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When I Was A Donk With Chau Giang

by Brian Pempus |  Published: Dec 10, 2014


Chau GiangIn this series, Card Player asks top pros to rewind back to their humble beginnings and provide insights regarding the mistakes, leaks, and deficiencies that they had to overcome in order to improve their games.

Chau Giang is one of the all-time great cash game grinders and consistent regulars on the tournament scene.

He moved to the United States from Vietnam in the late 1970s. In Colorado Springs, Colorado, he took a job as a chef, but made little money. He began playing poker to supplement his income, but soon found himself in Las Vegas with $100,000 in profits after his first year as a professional.

His first World Series of Poker success came in 1993 when he finished second in a pot-limit event and won the $1,500 ace-to-five draw tournament. Five years later, he won his second bracelet in an Omaha eight-or-better event.

Giang then took some time off from playing tournaments in order to focus on cash games. He began playing in the “big game” in Las Vegas, which often featured $4,000-$8,000 limit. After his children asked him why he wasn’t on television like all of his peers, he returned to playing the big buy-in tournaments.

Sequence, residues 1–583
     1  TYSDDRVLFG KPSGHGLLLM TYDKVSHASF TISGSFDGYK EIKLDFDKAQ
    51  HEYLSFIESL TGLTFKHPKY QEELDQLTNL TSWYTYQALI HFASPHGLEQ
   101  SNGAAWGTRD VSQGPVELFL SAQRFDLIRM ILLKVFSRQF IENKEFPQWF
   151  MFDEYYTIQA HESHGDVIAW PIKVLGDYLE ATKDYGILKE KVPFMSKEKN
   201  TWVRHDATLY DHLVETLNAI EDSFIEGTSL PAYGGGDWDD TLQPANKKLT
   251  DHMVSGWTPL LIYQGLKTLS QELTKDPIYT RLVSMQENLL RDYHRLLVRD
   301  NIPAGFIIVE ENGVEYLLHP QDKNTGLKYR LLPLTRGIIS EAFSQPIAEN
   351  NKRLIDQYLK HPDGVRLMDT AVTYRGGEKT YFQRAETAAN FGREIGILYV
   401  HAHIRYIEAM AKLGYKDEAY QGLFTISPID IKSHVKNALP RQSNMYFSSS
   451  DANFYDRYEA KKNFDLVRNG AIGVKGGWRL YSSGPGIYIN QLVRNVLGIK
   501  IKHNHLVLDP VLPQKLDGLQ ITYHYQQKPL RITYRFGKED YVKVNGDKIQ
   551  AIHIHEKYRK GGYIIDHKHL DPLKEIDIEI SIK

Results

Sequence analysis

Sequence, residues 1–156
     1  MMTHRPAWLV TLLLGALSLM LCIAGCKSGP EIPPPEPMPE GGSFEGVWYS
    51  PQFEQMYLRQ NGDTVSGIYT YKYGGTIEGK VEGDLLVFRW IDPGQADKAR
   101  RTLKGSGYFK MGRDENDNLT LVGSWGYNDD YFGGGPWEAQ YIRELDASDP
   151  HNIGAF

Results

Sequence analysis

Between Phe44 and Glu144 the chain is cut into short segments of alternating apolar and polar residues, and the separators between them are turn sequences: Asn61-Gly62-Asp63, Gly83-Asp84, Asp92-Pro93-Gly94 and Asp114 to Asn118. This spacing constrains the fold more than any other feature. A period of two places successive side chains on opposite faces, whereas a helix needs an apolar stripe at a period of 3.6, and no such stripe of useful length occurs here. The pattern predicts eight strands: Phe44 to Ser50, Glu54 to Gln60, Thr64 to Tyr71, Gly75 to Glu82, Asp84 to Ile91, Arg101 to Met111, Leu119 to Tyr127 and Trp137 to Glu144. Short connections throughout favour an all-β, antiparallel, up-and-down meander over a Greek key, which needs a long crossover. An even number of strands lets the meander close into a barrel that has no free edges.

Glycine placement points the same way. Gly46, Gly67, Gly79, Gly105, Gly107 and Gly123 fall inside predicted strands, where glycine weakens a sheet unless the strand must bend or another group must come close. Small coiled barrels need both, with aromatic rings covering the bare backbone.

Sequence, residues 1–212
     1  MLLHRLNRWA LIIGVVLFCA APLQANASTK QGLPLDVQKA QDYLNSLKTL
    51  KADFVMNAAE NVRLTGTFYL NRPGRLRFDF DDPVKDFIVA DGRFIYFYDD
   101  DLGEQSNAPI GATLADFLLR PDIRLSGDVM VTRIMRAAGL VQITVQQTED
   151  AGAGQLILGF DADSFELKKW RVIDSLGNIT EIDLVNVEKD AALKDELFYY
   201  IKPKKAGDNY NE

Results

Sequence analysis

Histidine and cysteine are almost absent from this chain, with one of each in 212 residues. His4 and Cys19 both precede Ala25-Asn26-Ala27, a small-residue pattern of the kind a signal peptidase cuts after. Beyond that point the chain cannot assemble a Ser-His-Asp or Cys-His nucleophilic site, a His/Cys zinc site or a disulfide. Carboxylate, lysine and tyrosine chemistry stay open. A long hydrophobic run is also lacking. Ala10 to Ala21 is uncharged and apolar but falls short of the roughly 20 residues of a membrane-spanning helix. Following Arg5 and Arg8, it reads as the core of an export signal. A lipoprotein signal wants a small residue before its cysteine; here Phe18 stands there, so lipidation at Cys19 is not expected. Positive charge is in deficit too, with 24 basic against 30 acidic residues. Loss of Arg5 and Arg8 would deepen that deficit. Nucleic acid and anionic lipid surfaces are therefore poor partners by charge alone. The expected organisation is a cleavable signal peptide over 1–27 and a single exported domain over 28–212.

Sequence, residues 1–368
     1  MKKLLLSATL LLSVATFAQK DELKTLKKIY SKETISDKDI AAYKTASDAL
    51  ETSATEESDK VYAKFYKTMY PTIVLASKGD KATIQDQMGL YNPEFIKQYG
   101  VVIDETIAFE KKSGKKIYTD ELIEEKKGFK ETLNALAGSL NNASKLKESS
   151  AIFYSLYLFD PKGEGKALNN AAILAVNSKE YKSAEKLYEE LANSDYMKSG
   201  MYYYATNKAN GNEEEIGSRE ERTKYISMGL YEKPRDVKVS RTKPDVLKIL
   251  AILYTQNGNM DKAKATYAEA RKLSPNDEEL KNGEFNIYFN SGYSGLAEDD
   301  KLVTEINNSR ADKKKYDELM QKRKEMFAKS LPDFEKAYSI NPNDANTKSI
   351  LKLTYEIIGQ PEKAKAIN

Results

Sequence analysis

Giang won his third WSOP title during 2004 and also finished ninth in the World Poker Tour Mirage Poker Showdown the same year. To date, his biggest cash was a second place-finish in the 2005 World Poker Open for nearly $773,000.

Card Player caught up with Giang to talk about the growing pains he experienced on the way to becoming one of the game’s most feared cash game players:

“When I first came to this country, I started playing $1-$5 mixed games. I couldn’t win.
It was different than the type of poker I was used to in Vietnam. I played so many hands, and, of course, I was losing every day. I loved to play any two random cards and didn’t win for six months straight.

I went home and thought about what was happening. I talked to a friend of mine, and he told me that you are supposed to only play your solid cards. He gave me some advice. From then on I started to learn how to sit back and play tighter.

If you play too many hands, in the long-run you will never win at poker. After six months, I became a winning player and quit my job. I played for a living after that and haven’t looked back for almost 30 years. I kept going higher and higher, and eventually started playing in the biggest game in the world.

Poker is a game of skill, and the longer you play solid hands the more you will come out on top.” ♠